## Footnotes

1. Today the program must also satisfy audio-visual requirements to win the grand prize.
2. A symbol refers to both words and non-words.

## References

Colby, Kenneth Mark. 1981. Modeling a paranoid mind. The Behavioral and Brain Sciences, 4:515--560.

Epstein, Robert. 1992. Can machines think? AI Magazine, Summer:80--95.

Hutchens, Jason L. 1994. Natural language grammatical inference. Honour's thesis, University of Western Australia, December 1994. Available on the web.

Hutchens, Jason L. 1996. How to pass the turing test by cheating. Available on the web.

Jelinek, Frederick. 1986. Markov source modeling of text generation. Technical report, IBM T.J. Watson Research Center.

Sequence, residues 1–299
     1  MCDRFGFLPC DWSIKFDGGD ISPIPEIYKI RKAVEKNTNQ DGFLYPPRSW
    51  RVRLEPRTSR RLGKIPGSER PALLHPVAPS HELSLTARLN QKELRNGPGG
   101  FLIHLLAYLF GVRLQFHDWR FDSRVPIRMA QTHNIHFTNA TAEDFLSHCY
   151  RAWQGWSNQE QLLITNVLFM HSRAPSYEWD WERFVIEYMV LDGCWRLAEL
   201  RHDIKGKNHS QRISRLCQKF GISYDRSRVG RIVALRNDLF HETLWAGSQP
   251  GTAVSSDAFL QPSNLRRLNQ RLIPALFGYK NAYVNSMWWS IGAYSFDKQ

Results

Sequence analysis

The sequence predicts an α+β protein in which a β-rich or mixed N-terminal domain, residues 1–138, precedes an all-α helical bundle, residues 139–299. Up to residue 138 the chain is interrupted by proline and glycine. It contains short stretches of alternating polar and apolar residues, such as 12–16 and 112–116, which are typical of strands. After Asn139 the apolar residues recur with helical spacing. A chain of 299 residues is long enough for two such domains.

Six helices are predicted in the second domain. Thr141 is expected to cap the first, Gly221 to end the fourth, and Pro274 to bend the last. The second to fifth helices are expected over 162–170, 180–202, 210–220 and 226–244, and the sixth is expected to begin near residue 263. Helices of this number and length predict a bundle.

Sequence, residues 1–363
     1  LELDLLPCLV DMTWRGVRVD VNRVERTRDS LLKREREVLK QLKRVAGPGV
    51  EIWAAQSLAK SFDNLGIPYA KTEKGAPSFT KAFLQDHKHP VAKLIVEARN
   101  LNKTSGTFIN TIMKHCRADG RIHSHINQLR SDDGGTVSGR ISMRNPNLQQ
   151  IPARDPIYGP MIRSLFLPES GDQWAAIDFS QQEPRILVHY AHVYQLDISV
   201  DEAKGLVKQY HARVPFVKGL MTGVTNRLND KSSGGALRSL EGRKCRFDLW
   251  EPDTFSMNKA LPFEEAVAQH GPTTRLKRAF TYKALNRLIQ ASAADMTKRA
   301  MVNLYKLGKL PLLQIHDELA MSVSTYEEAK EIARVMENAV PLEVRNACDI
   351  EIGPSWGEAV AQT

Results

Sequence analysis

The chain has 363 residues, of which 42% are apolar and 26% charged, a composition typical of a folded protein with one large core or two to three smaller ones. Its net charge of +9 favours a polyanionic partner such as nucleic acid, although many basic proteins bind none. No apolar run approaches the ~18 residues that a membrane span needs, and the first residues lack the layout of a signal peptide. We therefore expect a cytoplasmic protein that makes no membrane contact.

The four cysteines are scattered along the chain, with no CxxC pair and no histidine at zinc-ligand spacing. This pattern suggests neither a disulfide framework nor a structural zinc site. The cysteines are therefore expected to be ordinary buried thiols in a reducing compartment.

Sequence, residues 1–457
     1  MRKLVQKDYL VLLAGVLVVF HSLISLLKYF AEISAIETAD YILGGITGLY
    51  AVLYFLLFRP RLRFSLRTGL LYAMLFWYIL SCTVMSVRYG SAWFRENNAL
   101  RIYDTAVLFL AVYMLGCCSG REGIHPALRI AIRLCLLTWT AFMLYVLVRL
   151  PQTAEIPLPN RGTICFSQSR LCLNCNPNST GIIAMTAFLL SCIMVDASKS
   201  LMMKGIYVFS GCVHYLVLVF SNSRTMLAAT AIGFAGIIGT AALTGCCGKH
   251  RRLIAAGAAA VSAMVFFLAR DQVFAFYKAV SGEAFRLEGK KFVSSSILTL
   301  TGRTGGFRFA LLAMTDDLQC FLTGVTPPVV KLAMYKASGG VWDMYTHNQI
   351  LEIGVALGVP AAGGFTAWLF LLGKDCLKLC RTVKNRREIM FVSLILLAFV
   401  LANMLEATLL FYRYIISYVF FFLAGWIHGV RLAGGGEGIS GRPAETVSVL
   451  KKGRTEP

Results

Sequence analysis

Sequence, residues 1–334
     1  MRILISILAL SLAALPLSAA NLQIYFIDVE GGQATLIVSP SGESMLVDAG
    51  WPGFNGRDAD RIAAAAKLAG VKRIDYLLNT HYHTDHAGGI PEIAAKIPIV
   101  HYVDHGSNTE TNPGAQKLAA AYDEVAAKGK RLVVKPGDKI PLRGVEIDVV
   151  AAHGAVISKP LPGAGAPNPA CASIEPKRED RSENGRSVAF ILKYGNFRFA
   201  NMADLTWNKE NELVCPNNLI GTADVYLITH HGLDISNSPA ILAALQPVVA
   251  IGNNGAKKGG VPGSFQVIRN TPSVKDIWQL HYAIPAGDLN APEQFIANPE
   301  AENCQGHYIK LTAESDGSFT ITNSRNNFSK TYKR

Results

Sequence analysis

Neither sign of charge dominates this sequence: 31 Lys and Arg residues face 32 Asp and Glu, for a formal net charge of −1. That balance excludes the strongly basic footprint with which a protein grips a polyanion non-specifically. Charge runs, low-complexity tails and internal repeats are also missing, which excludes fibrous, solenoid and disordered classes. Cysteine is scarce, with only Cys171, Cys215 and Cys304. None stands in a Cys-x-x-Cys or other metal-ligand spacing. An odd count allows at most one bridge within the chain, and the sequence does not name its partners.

Loebner, Hugh. 1994. In response to lessons from a restricted Turing test. Available on the web.

Moor, James H. 1976. An analysis of the turing test. Philosophical Studies, 30:249--257.

Shannon, Claude E. and Warren Weaver. 1949. A Mathematical theory of Communication. Available on the web.

Shieber, Stuart M. 1994. Lessons from a restricted turing test. Available on the web.

Turing, A.M. 1992. Computing machinery and intelligence. Available on the web.

Weizenbaum, Joseph. 1976. Computer Power and Human Reason. W.H. Freeman and Company.